I can still remember the first time I took my dog Blue on a boat. It was a half-dozen years ago, and after he overcame his initial fear of stepping aboard, I was certain he’d never want to get off. He found a spot up at the bow where he could see ahead and feel the breeze on his snout, and he was entranced by the experience. He looked about as happy as I’ve ever seen him, even thinking about it in retrospect so many years later.

Blue’s was the kind of happiness that we all want for our dogs when we bring them aboard. That’s why it’s important to think about the best ways to keep pooches safe and psyched on the water. The following tips should help keep everyone—humans and four-legged friends—safe and happy when boating with your dog.

boating with dogs

Ready to set sail with your favorite fur-baby? Remember to keep the following factors in mind whenever you are boating with your dog.

3 Safety Tips for Boating with Dogs

1. Buy a Canine Life Vest

This safety gear has come a long way in recent years, with all kinds of variations and sizes now available to suit everything from a 160-pound Great Dane to a 6-pound Chihuahua. Some features to consider include a handle (so you can lift the dog like a suitcase out of the water), reflective tape and adjustable straps for a snug fit.

2. Have a Dog-Overboard Plan

Just as you have a man-overboard plan in case a person goes into the drink, it’s important to have a dog-overboard plan that you can put into action in an emergency. Write out the steps and have them at the ready, so you can follow them in a time of panic. Include everything from engine shutdown to what you will do to check the dog’s medical condition after you have her back on board.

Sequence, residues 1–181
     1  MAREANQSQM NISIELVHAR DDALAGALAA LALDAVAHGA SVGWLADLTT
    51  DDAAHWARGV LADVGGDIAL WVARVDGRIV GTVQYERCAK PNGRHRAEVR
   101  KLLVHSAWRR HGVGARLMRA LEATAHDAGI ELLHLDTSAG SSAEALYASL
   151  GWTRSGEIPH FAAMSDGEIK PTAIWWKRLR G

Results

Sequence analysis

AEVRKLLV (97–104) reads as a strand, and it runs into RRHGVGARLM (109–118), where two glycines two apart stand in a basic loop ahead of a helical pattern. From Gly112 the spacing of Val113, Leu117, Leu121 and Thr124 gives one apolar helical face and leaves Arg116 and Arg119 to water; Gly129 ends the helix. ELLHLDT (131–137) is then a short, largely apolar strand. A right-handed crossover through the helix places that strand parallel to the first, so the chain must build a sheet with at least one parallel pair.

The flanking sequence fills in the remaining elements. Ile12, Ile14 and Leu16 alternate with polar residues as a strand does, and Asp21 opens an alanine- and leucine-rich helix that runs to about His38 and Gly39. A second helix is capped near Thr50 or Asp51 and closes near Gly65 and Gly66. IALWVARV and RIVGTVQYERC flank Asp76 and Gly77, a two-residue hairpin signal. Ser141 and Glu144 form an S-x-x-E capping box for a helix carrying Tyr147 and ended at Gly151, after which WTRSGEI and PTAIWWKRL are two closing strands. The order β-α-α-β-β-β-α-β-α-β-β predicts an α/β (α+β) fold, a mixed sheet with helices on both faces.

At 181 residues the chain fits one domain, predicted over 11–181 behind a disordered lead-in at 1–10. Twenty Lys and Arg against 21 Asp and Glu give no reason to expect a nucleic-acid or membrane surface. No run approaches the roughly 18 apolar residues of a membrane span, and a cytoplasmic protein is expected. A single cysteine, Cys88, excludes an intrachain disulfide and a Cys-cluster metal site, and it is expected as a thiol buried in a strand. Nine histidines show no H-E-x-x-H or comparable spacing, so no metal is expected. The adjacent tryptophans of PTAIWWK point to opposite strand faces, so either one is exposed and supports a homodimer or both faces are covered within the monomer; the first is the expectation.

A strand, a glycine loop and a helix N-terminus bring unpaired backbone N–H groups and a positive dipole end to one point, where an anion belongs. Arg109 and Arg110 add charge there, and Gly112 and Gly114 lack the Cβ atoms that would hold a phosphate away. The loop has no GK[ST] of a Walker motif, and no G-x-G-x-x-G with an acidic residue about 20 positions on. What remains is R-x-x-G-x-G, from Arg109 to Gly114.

3. Teach the Dog to Drink Only Fresh Water

Dogs don’t sweat, so they can overheat and will look to any available water source.  Teach your dog only to drink fresh water, and have plenty of it available at all times on the boat.

3 Travel Tips for Dogs Onboard a Boat

1. Have a Safe Boarding Procedure

One of the things I did wrong my first time out on the boat with Blue was trying to get him to step onto the boat with me from the dock. It was a calm day and he was on his leash, but he was skittish and could’ve fallen into the water between the boat and the pilings. A better plan is to carry the dog on board for safety.

2. Keep an Eye on Fishhooks and Bait

If you were a dog and you smelled a piece of gloriously stinky fish without realizing it was attached to a hook, you’d eat it. And like fish, dogs don’t generally consider the existence of hooks. So, keep baited hooks and bait in general away from dogs on board, lest your shepherd end up snared like a striper. Teach the dog that bait is off-limits at all times. Reward them with dog treats as they learn to ignore the bait buckets altogether.

3. Monitor for Signs of Seasickness

Dogs do get seasick, just like people. All the same signs and symptoms apply, including dizziness, lethargy and vomiting. If you see your dog developing these signs, stop the boat and get the dog ashore. To avoid repeat cases, veterinarians say you can give a dog seasickness medication, just as with people. Or, consider whether your dog actually wants to go boating with you at all (it’s really not for everybody…)

It's more than possible for your dog to enjoy life on the water just as much as you do—just be sure to accommodate their needs both on land and while out to sea.

The Big Must-Have for Living Aboard with a Dog

Let’s just be blunt: You need a pee carpet, a piece of carpet that you can put on the boat where the dog knows it’s okay to take care of his business. If you can, get an old one from a friend’s boat that already has the scent of canine urine on it. That scent will entice your own dog to use the carpet aboard your boat, and then you can switch to your new piece of carpet in the same spot aboard, perhaps stacking the pieces at first so all the scents blend.

Don’t have a friend with an old pee carpet? (And really, how many of us do?) You can make your own. Either try to get your own dog to stink it up in a location where he usually pees, or ask a local doggie day care if it’s possible to leave your new piece of carpet with its packs of pooches for a day. Potty problem solved.

Editor's Note: This article was originally published in June 2015 and updated in September 2018.

Written by: Kim Kavin
Kim Kavin is an award-winning writer, editor and photographer who specializes in marine travel. She is the author of 10 books including Dream Cruises: The Insider’s Guide to Private Yacht Vacations, and is editor of the online yacht vacation magazine www.CharterWave.com.